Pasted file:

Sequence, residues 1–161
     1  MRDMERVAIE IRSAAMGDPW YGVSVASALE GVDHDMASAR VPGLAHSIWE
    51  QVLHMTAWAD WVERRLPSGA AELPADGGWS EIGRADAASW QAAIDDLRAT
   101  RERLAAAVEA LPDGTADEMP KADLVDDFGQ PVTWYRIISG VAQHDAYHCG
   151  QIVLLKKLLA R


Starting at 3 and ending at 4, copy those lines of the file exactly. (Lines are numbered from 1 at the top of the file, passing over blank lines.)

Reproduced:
    51  QVLHMTAWAD WVERRLPSGA AELPADGGWS EIGRADAASW QAAIDDLRAT
   101  RERLAAAVEA LPDGTADEMP KADLVDDFGQ PVTWYRIISG VAQHDAYHCG